Here in India no one is above the law and many a times powerful public figures go to jail for being corrupt or subverting the law. Now that we are at it, Sir, I'm sure it would be interesting to know what the minorities of you countries have to say - especially the jailed and beaten ones - about the development-democracy debate.

In fact Sir, your idea of development is largely at odds with many of us here. What you did to the tropical forests and water-bodies of Malaysia (that is raze vast acres of them into oblivion making way for big bucks palm oil plantations and piggeries and so on) would cause huge outrage amongst many of us who are looking for sustainable development.

We are yet to be unanimously convinced that making cemented roads - however broad, lining them with buildings - even if glass covered and glossy, putting cars on them - however fast they are-- is a substitute for our valued bio-diversity. Many of us are very convinced that displacing huge populations of native people for useless things like racing tracks is a blot on the word 'development'.

There are many of us who find it a shameful and cruel hypocrisy that in your country can have abundant openly advertised sex tourism and still whip women for being licentious! Thanks to the culture of reading here, many of us know of your penchant for cruelty in your personal career. A career during which you enacted despotic and violent acts at times in the name of (your contorted version of Islam) and at times in the name of security and national interest.

Malaysia's Internal Security Act, 1960

We could recount how you rose to power annihilating huge numbers of your opponents and stayed there for over two decades continuing yourdevious rule using tactics and schemes which are far beyond Machiavelli. Many of us know about your vile Internal Security Act 1960, which you used to crush political opposition jailing and killing them with impunity and putting in place a frail and near sham democracy placing the entire nation under a one man rule of the UNMO for over two decades.

You will note that in the essay above I have used words like "most of us" "many of us" and have tried to stay away form absolute claims. Besides the age old Indian practice of accommodating different opinions, it is meant to recognise that there are people in this country too who think like you and will have applauded you for saying what you did.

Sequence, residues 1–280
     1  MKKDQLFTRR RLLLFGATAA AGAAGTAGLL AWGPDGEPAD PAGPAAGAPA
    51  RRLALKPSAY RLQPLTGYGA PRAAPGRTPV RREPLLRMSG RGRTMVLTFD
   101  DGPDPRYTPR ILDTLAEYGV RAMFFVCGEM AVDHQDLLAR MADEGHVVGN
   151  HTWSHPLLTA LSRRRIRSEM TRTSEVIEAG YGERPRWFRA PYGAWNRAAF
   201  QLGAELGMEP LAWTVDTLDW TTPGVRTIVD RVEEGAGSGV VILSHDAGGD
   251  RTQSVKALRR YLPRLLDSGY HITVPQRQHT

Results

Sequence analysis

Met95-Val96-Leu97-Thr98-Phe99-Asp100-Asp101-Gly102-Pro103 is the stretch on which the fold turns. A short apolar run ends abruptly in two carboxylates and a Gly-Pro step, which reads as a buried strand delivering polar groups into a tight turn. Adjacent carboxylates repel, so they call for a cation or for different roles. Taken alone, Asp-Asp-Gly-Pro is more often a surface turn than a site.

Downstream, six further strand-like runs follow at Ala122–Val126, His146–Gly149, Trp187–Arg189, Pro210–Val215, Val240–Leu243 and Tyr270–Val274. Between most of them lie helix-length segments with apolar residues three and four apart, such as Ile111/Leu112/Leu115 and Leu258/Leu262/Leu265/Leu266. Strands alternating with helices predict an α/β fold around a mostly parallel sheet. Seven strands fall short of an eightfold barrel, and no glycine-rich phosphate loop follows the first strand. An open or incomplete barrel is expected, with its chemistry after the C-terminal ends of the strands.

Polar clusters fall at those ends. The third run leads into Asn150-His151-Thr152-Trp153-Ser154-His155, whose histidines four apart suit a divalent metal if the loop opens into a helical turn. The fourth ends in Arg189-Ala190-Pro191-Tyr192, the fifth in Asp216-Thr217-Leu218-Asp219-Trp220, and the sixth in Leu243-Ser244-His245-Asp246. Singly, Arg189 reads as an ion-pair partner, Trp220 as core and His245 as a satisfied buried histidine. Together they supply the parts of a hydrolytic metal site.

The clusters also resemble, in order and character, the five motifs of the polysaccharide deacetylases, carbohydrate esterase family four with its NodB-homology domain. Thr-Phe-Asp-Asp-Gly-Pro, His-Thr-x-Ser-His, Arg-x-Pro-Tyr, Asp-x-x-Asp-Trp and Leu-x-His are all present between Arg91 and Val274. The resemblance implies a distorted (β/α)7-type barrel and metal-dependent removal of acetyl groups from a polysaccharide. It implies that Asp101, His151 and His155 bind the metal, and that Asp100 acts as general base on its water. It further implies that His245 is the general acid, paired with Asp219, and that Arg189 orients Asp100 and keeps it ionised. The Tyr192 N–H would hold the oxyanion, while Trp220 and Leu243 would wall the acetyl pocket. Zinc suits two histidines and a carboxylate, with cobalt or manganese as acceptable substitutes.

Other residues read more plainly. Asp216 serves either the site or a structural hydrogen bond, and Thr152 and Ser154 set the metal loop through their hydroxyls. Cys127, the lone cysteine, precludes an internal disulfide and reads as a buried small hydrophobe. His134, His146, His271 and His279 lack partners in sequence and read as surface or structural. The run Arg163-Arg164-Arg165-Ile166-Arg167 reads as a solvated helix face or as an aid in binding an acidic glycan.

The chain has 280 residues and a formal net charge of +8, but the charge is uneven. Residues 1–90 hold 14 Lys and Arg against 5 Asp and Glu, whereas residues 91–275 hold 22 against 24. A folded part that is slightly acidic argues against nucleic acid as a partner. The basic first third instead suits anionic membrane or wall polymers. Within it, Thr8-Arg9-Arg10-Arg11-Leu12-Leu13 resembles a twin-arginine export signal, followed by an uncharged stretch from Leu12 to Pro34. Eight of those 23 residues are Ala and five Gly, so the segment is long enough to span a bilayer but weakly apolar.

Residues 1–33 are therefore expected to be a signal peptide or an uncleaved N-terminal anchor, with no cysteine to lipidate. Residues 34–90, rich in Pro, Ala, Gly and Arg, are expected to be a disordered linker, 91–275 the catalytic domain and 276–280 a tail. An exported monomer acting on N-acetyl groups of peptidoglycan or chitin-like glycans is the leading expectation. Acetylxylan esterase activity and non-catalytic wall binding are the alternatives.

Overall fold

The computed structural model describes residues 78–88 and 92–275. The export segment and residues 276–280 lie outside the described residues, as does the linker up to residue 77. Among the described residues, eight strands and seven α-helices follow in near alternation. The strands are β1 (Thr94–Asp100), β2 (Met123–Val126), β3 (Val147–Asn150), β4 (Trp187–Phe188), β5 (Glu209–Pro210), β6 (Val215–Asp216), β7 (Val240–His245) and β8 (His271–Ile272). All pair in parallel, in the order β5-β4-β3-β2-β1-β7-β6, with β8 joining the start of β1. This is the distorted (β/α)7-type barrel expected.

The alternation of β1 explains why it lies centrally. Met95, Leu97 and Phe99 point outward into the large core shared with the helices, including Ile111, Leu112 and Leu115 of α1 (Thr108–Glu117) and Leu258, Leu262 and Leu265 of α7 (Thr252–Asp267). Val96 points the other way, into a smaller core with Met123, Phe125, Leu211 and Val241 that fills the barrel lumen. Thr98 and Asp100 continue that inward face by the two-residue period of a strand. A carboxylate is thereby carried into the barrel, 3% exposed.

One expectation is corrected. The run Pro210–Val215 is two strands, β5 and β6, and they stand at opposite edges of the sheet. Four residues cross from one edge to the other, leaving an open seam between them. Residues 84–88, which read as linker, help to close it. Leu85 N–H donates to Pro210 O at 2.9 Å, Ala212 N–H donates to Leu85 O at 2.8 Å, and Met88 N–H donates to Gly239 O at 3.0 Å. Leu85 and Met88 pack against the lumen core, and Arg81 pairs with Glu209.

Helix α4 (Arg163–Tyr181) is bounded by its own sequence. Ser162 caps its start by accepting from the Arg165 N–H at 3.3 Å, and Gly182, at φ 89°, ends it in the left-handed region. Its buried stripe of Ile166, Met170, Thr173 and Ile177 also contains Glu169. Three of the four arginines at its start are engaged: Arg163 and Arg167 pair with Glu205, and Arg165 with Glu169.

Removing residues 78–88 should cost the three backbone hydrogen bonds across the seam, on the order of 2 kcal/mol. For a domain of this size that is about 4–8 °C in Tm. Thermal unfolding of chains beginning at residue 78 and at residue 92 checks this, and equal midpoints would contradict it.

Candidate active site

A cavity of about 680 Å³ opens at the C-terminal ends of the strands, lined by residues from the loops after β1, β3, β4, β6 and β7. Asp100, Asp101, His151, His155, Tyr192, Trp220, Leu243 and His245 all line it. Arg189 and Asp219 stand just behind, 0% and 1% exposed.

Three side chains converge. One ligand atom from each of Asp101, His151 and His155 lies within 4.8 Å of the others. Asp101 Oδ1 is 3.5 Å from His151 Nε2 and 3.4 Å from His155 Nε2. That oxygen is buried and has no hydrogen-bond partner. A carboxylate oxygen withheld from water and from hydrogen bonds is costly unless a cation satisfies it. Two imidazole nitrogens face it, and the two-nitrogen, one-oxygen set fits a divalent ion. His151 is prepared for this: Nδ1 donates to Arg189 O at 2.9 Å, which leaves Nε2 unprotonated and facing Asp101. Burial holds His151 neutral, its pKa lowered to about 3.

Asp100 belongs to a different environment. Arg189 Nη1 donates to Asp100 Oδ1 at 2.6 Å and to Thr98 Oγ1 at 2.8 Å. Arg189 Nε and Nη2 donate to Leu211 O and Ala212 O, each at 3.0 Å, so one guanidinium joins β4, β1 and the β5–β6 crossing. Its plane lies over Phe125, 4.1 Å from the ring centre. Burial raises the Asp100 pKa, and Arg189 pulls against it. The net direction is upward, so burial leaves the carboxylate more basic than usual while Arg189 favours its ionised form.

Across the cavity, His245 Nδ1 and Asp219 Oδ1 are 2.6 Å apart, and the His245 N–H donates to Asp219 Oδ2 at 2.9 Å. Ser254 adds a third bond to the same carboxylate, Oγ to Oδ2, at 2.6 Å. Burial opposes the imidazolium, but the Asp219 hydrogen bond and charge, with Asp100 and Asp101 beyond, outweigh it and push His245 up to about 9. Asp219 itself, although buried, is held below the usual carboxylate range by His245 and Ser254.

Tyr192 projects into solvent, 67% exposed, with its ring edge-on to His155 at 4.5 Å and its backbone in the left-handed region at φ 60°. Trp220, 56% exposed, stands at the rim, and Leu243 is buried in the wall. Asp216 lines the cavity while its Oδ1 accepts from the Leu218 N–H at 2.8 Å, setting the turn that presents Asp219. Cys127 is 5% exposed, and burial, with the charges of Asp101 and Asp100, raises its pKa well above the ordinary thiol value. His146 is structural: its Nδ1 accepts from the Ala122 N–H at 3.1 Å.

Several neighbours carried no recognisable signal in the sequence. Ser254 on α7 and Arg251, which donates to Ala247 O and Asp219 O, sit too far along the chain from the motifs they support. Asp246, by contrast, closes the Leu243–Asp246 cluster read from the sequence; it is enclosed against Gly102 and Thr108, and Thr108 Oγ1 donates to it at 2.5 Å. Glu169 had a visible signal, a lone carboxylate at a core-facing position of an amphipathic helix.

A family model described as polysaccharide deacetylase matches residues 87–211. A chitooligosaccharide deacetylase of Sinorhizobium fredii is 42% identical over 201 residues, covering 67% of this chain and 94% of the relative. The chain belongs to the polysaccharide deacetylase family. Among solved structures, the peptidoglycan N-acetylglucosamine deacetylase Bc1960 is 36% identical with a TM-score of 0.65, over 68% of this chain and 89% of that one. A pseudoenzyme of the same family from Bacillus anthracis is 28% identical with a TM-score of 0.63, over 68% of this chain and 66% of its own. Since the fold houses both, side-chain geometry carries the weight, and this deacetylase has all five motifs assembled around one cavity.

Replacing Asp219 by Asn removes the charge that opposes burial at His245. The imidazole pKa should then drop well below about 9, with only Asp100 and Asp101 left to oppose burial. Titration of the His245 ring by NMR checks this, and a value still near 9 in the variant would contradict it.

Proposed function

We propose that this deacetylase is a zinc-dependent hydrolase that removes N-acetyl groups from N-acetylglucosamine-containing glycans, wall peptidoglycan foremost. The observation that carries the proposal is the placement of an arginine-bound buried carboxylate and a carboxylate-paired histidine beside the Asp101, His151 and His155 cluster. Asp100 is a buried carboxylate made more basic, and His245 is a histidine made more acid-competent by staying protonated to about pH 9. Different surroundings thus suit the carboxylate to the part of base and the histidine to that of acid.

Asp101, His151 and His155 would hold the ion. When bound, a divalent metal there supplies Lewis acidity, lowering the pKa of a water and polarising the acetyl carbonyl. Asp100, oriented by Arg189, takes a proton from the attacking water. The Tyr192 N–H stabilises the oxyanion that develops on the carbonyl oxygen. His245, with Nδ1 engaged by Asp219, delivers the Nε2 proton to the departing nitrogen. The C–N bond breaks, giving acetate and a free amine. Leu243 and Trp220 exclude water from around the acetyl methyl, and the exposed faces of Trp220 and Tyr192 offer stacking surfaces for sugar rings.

They too think that roads are all that are important and not the humans which walk on them or the ones that sleep beside them. They have misconstrued the word development as development of personal wealth and that this 'development' is a holy cow and everything including the rights and lives of fellow humans is a lesser priority. Their money power helps them buy a lot of print space and electronic bandwidth so they may appear like the majority, but thankfully the truth is they aren't.

The majority of us recognise and are willing to admit - and even discuss at length - that there are problems in our nation - including bad roads. But they'll quickly add that we intend to solve those not by lessening democracy but by increasing it.

1. Speech on December 2 Hindustan Times Leadership Summit in New Delhi

The author is a freelance writer and activist based in Maharashtra. siddharthyaroy@gmail.com

Wednesday, September 21, 2011

Classmates meet




Mokhtiar Singh was down from Gold Coast again. So Jalil, Imbaraj and I decided to meet up for dinner last night. It had been about a year since Singh last came back. Initially we were to meet up in Penang where a couple of our other classmates lived. But due to some pressing engagement, Mokh couldn’t afford the time. In fact Jalil had already booked the accommodation at Batu Feringgi for our rendezvous. Unfortunately, he had to cancel it due to change in plans.